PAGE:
Nottingham has a fantastic collegiate vibe and a beautiful campus, which makes it a place in which you can enjoy spending time. During my eight years as a student, the university has developed its services for postgraduates and there is now a good network that you can plug into. The university also offers better in-house training opportunities than most others that I’ve seen.
Tell us a bit about yourself – what stage of your PhD are you in and what’s your project about?Post-viva! I’m currently making minor corrections. My viva was in January (2020) and I have three months to get my corrections done. Getting a PhD finished is a series of little victories – I’m not sure when I can consider it truly over. My PhD research is about evaluating eye screening for people with diabetes. The goal is to make sure that everyone gets an invite to screening when they need it – not too soon and not too late. If we can achieve that then we should be able to make screening programmes more efficient, freeing up resources for other parts of the health service. I’m a health economist, so the purpose of my research is to generate evidence that helps decision-makers achieve the best health outcomes possible with the resources available.
What does a typical day or week look like for you?My PhD took me so long (8 years, part-time) that I had at least six different offices during the course of my studies. And, if you include my home, these were spread across three different cities! So my typical day has changed a lot over the years in terms of my commute and the people around me. But I’ve worked full-time throughout the course of my PhD, so much of my research was done during stolen evenings and weekends – mostly at home. Like many economists, my research involves a lot of time staring at computer screens, analysing data and writing about it. But I do get out sometimes. Having a research job alongside my PhD meant that there were plenty of opportunities to present at conferences and seminars, and I’ve been lucky to visit lots of cool places around the UK and Europe.
What’s one thing that you’ve enjoyed the most during your PhD?When I first started my PhD and my research job, I immediately felt welcomed by the health economics research community. Becoming a part of that community has been a lot of fun. It’s hard to say how it might have been different if I was a full-time student, but being made to feel part of the club from the get-go makes you feel like you’ve already made it. There’s no pressure to prove your worth. Spending plenty of time with other researchers – both junior and senior – is a great way to boost your confidence and generate new ideas.
What’s been the most challenging part of it?Finishing it! As a part-time student with a full-time job that I love, there was very little incentive for me to complete my thesis. Maybe on graduation I’ll have the secrets of the universe passed down to me and I’ll realise the importance of those three little letters. But I doubt it. For me, the PhD has been all about the journey. Sure, I want the journey to end, but that’s such a hassle! I’d rather respond to these interview questions than finish my corrections!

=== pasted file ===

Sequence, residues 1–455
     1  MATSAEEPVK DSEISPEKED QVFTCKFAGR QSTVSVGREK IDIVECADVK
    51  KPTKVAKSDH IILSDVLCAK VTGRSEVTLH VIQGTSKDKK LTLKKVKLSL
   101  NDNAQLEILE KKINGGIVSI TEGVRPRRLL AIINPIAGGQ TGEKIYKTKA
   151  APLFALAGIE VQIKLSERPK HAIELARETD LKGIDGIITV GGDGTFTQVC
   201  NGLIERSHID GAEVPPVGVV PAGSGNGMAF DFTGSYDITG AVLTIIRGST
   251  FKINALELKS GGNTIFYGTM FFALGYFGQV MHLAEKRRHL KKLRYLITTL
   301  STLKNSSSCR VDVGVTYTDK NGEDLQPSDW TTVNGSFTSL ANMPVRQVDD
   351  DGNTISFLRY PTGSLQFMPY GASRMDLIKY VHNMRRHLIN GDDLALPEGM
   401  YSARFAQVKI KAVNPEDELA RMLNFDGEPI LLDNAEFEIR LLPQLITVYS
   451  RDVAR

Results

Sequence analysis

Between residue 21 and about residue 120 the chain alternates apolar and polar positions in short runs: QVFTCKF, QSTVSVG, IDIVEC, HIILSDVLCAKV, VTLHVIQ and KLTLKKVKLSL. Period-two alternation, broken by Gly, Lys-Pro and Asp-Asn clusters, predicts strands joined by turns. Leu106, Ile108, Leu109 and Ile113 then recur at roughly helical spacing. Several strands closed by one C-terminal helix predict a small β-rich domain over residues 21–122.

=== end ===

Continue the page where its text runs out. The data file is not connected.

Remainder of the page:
Where do you see yourself 5 years after completing your PhD?I’ll be Professor of Health Economics at the University of Hawaii. Or maybe I’ll still have my current job at the Office of Health Economics. I don’t really mind, so long as I get to keep on designing and conducting research projects that are important and interesting.
What’s one piece of advice that you’d offer students that are thinking of doing a PhD?If you can, wait for the research question to find you. I worked as a researcher for a year before embarking on my PhD. It was during this time that a tricky problem (what ended up being the title of my thesis) revealed itself. If you’re already steeped in the research as an undergraduate or Masters student, you might be lucky enough to find your calling early. A PhD should address a hard problem, one that you probably can’t solve. If you can, somebody will probably beat you too it, especially if you take as long as I did. Get to know the field first and you’ll start to see where you can add value.
What makes your university a good place to study?
What do you enjoy doing in your free time?I’m guilty of being a researchaholic. In the same year that I started my PhD I started The Academic Health Economists’ Blog. That keeps me busy and I enjoy working with my co-bloggers and discussing the latest research without all the trappings of scholarly publication. But I do maintain a life outside of health economics. When I’m not at the computer you might find me crate digging in a record store or stuffing my face at the newest vegan food outlet. Thanks to research life, I get to do these things in cities around the world!
Want to know more about Chris?Follow him on Twitter, LinkedIn and ResearchGate, connect with his ORCID and checkout his personal website and his Academic Health Economists’ blog using the links below: